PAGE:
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Blocked ! for "Deep-Thinking" about Maine State Corporatism

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I have been publishing this blog since about 2007 , During this time , it has remained an off-the grid blog in Maine politics and elsewhere with exceptions going for the forums As Maine Goes and The Maine Citizen. I have never seen this blog included on any on-line listings of Maine political blogs, although I have written to various places that post Maine political blogs, including The Maine Heritage Foundation, The Other Side of Town, and Maine Politcs, Pine Tree Watch Dog, as well as other national investigative reporting organizations. For the most part my correspondence goes unanswered.

Recently, I received the following message from the Maine Conservative Patriots (Facebook):

Howdy, I want to thank you for your past contributions to The Maine Conservative Patriots, you are a very deep thinker... and the most of the time, way over my head and I feel over the heads of many others on my site. I think I want to simplify the information and posts, keeping them short and to the point so that I and others can benefit quickly and act on the info in a timely manner. Again Thank you for your contributions in the past but now I will hope for some new contributors that are not such deep thinkers. sincerely ~ The Maine Conservative Patriots

There after I was blocked from access to The Maine Conservative Patriots

I am told that The Maine Conservative  Patriots is  Gordon Colby's group administered by Maynard Stanley and John Frommer . In December 2013Gordon Colby was awarded the 2013 Freedom & Opportunity Award by The Maine Heritage Foundation, presented with a speech by Governor LePage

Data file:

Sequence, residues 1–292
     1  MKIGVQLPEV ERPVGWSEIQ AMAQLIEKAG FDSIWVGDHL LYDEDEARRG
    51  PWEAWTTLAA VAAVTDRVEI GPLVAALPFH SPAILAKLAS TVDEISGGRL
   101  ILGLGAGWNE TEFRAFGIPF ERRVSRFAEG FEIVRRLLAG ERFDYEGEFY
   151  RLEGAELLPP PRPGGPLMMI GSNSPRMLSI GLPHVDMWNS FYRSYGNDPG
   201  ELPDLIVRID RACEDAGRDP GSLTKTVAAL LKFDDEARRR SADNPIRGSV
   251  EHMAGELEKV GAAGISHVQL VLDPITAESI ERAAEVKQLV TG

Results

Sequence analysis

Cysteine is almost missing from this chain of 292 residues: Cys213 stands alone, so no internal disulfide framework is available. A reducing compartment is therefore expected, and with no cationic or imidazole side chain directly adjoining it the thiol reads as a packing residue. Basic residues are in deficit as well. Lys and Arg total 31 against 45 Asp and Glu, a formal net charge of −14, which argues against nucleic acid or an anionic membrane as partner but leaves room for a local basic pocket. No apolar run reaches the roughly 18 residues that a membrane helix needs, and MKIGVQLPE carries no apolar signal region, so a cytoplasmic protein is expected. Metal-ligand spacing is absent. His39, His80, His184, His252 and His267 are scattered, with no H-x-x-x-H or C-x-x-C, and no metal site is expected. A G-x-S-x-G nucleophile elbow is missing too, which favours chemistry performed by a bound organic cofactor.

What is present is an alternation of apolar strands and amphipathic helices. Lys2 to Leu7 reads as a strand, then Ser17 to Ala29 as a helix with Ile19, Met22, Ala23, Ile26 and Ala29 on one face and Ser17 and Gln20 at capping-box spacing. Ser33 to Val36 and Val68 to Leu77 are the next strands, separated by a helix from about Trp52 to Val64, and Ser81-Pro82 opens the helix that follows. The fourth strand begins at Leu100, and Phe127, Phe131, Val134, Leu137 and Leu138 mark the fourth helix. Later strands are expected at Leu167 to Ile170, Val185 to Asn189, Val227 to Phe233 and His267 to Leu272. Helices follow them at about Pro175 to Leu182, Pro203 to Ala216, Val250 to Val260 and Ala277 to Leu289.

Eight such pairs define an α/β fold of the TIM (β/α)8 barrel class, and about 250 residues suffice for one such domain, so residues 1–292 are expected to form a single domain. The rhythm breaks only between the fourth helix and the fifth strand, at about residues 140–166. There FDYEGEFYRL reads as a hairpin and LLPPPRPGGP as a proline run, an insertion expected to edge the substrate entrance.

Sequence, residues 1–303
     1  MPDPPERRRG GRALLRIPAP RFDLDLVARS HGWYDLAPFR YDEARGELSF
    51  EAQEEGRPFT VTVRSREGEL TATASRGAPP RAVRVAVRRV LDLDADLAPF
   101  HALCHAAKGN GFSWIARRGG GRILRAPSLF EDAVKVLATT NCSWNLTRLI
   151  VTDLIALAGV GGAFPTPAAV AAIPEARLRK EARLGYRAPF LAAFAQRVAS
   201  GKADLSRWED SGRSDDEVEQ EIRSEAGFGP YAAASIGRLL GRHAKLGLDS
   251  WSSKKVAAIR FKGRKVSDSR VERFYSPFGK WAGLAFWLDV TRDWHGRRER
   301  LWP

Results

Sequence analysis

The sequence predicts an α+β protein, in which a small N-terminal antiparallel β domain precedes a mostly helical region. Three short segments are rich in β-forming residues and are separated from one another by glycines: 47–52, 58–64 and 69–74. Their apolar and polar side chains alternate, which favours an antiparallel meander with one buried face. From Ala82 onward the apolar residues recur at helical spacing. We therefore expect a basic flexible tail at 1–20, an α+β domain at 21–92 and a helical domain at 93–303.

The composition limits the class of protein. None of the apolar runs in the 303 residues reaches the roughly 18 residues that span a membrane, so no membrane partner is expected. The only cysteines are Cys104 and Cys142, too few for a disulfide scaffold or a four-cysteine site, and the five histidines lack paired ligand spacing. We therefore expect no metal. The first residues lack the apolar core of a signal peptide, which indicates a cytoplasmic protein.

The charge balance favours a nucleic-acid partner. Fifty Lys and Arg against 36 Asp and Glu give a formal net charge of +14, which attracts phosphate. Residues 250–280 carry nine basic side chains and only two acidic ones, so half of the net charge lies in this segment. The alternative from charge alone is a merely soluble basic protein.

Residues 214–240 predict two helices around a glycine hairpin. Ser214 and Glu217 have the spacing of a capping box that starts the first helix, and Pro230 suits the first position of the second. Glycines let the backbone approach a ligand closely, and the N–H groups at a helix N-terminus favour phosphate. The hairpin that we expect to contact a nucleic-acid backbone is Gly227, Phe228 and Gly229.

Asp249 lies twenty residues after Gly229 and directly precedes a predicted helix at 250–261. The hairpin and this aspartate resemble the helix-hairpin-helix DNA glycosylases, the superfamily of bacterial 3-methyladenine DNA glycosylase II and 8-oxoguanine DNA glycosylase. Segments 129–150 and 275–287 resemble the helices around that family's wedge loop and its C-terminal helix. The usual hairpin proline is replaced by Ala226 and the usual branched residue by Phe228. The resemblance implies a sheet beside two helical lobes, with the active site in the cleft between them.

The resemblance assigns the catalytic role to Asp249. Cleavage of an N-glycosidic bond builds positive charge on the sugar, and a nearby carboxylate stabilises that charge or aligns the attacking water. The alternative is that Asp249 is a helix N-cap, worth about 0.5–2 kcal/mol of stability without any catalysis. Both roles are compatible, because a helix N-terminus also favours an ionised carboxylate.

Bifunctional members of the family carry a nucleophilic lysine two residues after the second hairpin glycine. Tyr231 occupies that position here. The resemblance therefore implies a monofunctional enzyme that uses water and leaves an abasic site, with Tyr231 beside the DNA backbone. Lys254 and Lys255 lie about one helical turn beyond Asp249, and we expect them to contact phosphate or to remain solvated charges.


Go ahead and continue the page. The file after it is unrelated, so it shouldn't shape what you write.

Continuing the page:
Tea party activist Gordon Colby received The Maine Heritage Policy Centers 2013 Freedom and Opportunity Award on Friday at an annual event in Portland. Gov. Paul LePage addressed the audience followed by keynote speaker William O’Brien, former Speaker of the New Hampshire House of Representatives.
“For his immense and unwavering dedication to Maine’s conservative movement, I am pleased to award Gordon Colby with [MHPC’s] 2013 Freedom & Opportunity Award,” said CEO J. Scott Moody - See more at:

There are three types of conservatives. There are the fiscal conservatives, constitutional conservatives and the Libertarians. One can be a fiscal conservative without being a constitutional conservative but one cannot be a constitutional conservative without being a fiscal conservative. Libertarians can be said to be both fiscal and constitutional conservatives but, to my view they make far too light of the role of national defense in bringing the colonies together to form a union of states and forget that the first war fought by the newly formed nation was the Barbary War under the president and Commander in Chief , Thomas Jefferson , fought in foreign seas.The Libertarians combine the belief in small government on the right with a foreign policy view identical to that of the left.

I was not engaged in a discussion when I received the above message and there after blocked from further access to the Maine Conservative Patriots, which the Maine Wire article tells us is the Knox and Lincoln County Tea Party (KLTP)-"the largest and most influential group of its kind in Maine". Lincoln County is where I am located. Knox and Lincoln County are part of Midcoast- and Midcoast is supposedly now being redeveloped by the tzars of the state governed town of MRRA.